Thread-Based Sensors Measure Head Movements in Real Time

Tufts University engineers have designed and demonstrated new flexible thread-based sensors that are capable of measuring the neck movements, offering information on the direction, degree of displacement and angle of rotation of the head.

Thread-Based Sensors Measure Head Movements in Real Time
Scanning electron microscopy of threads coated with electrically conducting carbon-based ink Bending the coated threads creates strain, which changes their electrical conductivity (normal thread left, bent thread right. Scale bar 200 microns). Image Credit: Yiwen Jiang, Tufts University.

This latest finding offers the possibility for thin and unobtrusive patches that are similar to tattoos and could, according to the team from Tufts University, track drivers’ or workers’ fatigue, quantify athletic performance, help with physical therapy, enhance computer-generated imagery in cinematography and improve virtual reality systems and games.

Recently described in the Scientific Reports journal, the new technology adds to an increasing number of thread-based sensors designed by engineers from Tufts University. These sensors can be woven into textiles, quantifying metabolites in sweat, or chemicals and gases in the environment.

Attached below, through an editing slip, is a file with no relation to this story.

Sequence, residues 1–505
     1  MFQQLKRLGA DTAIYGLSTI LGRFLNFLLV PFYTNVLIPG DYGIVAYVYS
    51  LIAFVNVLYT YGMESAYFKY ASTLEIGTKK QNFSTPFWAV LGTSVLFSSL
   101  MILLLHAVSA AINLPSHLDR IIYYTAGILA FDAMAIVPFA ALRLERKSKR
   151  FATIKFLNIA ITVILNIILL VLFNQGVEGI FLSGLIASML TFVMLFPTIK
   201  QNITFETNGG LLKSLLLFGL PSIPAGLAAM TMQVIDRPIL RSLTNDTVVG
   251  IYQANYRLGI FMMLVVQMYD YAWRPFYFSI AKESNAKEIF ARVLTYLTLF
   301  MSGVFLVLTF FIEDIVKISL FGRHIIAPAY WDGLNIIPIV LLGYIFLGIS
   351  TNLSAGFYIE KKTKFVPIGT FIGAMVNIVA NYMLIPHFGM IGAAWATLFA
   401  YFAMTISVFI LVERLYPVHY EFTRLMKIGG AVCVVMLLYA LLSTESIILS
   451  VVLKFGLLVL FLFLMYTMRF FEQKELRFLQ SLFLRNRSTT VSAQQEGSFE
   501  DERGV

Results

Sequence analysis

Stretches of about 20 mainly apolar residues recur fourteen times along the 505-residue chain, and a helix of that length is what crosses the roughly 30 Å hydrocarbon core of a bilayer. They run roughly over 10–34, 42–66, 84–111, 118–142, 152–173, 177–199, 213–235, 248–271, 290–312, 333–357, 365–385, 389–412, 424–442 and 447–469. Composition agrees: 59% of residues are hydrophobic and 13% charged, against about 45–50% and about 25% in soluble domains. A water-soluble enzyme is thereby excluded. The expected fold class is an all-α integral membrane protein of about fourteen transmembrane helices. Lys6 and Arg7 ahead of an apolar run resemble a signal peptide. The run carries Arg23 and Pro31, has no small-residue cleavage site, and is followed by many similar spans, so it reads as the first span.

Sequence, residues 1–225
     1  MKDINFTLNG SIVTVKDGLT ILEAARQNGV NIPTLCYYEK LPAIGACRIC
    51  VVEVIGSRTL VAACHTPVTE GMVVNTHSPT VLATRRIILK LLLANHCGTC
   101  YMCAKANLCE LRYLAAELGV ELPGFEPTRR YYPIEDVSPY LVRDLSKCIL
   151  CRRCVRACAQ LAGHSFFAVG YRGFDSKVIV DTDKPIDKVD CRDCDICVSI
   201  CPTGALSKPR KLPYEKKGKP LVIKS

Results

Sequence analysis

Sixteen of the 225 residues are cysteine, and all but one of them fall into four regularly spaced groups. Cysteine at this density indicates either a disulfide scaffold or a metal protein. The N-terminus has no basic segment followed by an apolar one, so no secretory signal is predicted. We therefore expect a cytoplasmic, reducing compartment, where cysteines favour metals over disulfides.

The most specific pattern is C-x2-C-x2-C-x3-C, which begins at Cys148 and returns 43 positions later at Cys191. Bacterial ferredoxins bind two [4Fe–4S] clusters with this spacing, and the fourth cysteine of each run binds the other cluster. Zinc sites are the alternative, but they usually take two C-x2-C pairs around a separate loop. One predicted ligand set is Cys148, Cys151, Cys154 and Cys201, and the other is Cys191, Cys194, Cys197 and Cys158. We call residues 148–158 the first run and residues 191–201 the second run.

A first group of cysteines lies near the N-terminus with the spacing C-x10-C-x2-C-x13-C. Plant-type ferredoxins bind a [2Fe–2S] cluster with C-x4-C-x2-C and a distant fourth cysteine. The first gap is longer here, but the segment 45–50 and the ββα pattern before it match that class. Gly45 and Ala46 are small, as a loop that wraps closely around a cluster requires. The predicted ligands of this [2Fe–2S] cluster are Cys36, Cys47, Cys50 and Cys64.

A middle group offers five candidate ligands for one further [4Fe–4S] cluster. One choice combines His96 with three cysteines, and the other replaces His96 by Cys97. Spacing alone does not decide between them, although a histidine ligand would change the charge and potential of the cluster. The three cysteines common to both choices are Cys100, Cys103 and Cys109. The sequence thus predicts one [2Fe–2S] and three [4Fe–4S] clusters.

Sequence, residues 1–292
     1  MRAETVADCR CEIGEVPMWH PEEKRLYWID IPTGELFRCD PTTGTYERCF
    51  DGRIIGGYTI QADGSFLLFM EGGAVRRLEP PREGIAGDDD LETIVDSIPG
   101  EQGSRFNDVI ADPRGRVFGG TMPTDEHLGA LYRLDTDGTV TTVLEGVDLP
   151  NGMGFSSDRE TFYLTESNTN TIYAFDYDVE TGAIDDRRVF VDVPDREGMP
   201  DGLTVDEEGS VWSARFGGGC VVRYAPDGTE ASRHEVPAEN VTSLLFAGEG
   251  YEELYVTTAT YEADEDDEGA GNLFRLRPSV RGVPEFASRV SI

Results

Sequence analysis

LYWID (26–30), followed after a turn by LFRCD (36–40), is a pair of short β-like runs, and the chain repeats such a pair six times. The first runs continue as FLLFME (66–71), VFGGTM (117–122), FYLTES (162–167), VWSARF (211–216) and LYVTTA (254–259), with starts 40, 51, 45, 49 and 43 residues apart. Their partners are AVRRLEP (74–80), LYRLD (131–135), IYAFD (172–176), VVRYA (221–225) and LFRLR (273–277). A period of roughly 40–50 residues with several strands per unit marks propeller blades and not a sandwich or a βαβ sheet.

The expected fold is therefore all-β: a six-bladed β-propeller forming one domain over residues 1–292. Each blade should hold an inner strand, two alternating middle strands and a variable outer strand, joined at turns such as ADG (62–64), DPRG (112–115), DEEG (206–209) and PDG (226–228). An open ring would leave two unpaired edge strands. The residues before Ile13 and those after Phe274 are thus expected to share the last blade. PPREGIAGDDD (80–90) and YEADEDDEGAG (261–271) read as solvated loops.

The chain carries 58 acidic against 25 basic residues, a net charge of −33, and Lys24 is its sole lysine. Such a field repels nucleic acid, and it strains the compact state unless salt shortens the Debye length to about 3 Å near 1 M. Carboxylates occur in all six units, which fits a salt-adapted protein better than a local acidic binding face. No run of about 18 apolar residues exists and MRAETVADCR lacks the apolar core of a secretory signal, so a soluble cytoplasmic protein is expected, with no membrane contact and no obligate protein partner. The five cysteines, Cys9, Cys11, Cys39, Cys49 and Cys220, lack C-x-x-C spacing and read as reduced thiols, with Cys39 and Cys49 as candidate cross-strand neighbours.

During the experiments, a couple of threads were placed in an 'X' pattern on the rear side of a subject’s neck. When the threads bend, the sensors coated with an electrically conducting carbon-based ink detect the movements, producing strain that modifies the way these sensors conduct electricity.

When a series of head movements are performed by the subject, the wires transmit signals to a tiny Bluetooth module, which subsequently transmits the data wirelessly to a smartphone or PC for further analysis.

Advanced machine learning approaches were used in the data analysis to understand the signals and decode them to quantitate the movements of the head in real time and with an accuracy of 93%.

In this manner, the processor and sensors monitor the movement without any kind of interference from large devices, wires, or restricting conditions, like the use of cameras, or confinement to a laboratory or room space.

Algorithms will have to be specialized for every site on the body, but according to the research team, the proof of principle shows that thread-based sensors can potentially be used for measuring movements in other limbs.

Scientists could use the skin patches or even form-fitting clothing comprising the threads to monitor the movements in surroundings, where the measurements are highly applicable, for example, in a classroom, the workplace, or in the field. Moreover, the fact that a camera is not required offers more privacy.

This is a promising demonstration of how we could make sensors that monitor our health, performance, and environment in a non-intrusive way. More work needs to be done to improve the sensors’ scope and precision, which in this case could mean gathering data from a larger array of threads regularly spaced or arranged in a pattern, and developing algorithms that improve the quantification of articulated movement.